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I have an xml document with an encrypted element that I need to decrypt. From the xml below and what I've read about xmlenc, this element is encrypted using AES256-CBC with a symmetric key generated by the sender (encrypted data is in 2nd CipherValue element). The sender then encrypted the AES key with RSA. The sender should use my public key to do this RSA encryption. The encrypted key was put in the first CipherValue in the xml below.

So to decrypt the data, I have to do the following: 1. Base64 decode and then decrypt the AES key using my RSA private key that corresponds to my public RSA key used by the sender. 2. Based64 decode and then decrypt the encrypted data in the second CipherValue element using the decrypted AES key from step 1.

Is this correct?

Now, here's my problem... I haven't given the sender my public key. Instead the sender has given me a certificate containing their public key and they claim that I can use them to do the decryption - I guess implying that they encrypted with their private key so I can decrypt with their public key. From everything that I've read this isn't how it works. Instead they should encrypt with my public key so I can decrypt the data with my private key.

Who is correct here? Can one encrypt with a private key and then decrypt with a public key?

For what it's worth, I have tried doing this with JCE, but I get a BadPadding exception when I try to decrypt the AES key (first base64 decoded) with their public key.

Here's the XML element minus a few details...

<xenc:EncryptedData Type="http://www.w3.org/2001/04/xmlenc#Element" xmlns:xenc="http://www.w3.org/2001/04/xmlenc#">
  <xenc:EncryptionMethod Algorithm="http://www.w3.org/2001/04/xmlenc#aes256-cbc"/>
  <KeyInfo xmlns="http://www.w3.org/2000/09/xmldsig#">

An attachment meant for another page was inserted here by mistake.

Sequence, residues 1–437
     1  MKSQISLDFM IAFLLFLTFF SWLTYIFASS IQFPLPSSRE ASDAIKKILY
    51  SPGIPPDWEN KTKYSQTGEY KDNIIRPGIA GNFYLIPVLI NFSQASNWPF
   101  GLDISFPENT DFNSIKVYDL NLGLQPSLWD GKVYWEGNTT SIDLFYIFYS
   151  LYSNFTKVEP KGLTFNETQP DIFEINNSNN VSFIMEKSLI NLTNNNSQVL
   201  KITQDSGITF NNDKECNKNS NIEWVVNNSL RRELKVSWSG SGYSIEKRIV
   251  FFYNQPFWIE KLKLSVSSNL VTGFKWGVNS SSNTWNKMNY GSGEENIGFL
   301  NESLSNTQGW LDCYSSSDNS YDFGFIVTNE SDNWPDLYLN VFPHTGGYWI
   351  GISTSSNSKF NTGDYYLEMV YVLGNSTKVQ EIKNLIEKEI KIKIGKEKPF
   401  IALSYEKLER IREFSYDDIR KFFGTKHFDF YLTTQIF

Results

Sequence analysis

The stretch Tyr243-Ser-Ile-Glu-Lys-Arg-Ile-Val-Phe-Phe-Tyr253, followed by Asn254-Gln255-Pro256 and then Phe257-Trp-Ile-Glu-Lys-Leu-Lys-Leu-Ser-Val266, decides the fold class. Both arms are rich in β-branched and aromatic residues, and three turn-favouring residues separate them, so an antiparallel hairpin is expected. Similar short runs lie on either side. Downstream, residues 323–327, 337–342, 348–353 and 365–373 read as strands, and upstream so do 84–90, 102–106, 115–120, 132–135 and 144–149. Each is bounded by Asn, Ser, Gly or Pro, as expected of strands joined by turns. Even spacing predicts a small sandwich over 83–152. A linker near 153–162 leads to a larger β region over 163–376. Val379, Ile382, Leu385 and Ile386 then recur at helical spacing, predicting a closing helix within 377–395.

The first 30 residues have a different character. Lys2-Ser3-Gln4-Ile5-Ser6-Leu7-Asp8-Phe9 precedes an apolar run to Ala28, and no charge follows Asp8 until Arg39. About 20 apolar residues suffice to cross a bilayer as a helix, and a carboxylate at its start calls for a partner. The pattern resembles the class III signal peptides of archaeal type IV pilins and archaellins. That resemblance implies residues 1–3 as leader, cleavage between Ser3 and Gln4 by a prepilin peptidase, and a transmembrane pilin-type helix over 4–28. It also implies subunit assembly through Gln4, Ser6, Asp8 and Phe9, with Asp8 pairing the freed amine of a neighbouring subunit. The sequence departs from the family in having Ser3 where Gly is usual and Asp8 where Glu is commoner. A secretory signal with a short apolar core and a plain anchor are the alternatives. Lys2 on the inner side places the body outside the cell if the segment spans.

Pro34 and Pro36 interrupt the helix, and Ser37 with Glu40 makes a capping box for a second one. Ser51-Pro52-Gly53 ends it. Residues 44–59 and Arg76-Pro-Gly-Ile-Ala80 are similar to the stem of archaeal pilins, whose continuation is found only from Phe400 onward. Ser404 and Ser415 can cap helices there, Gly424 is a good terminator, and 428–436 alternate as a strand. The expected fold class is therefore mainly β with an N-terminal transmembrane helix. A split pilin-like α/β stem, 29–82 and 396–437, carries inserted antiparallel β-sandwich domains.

<e:EncryptedKey xmlns:e="http://www.w3.org/2001/04/xmlenc#">
      <e:EncryptionMethod Algorithm="http://www.w3.org/2001/04/xmlenc#rsa-oaep-mgf1p">
        <DigestMethod Algorithm="http://www.w3.org/2000/09/xmldsig#sha1"/>
      </e:EncryptionMethod>

      <KeyInfo>
        <X509Data>
          <X509IssuerSerial>
            <X509IssuerName> // issuer name removed </X509IssuerName>
            <X509SerialNumber>11411601377033481249</X509SerialNumber>
          </X509IssuerSerial>
        </X509Data>
      </KeyInfo>

      <e:CipherData>
        <e:CipherValue>
          LLq+NfgwVF/qbMzTPtVnGfaaBxIFc5fmNeAk2dBHaPqb+Hti9Nre7dK+3MOyzucNSYwF76Be0zKZnIeAsQQoKgiU34/BZURq9uFHt8uUYA4dPtcYOIg6F5KR3r7KXBilT/QXYP3UicIcsY2NCA6g0Mp4PrF8b2Yi80Gn2oyZd30=
        </e:CipherValue>
      </e:CipherData>
    </e:EncryptedKey>
  </KeyInfo>

  <xenc:CipherData>
    <xenc:CipherValue>
      // encrypted data removed
    </xenc:CipherValue>
  </xenc:CipherData>
</xenc:EncryptedData>

Thanks, Troy

share|improve this question
    
Nope, the sender is wrong and he needs to encrypt the data using your public key, and you decrypt the data using the corresponding secret key. –  Eugene Mayevski 'EldoS Corp Jun 27 '12 at 5:56

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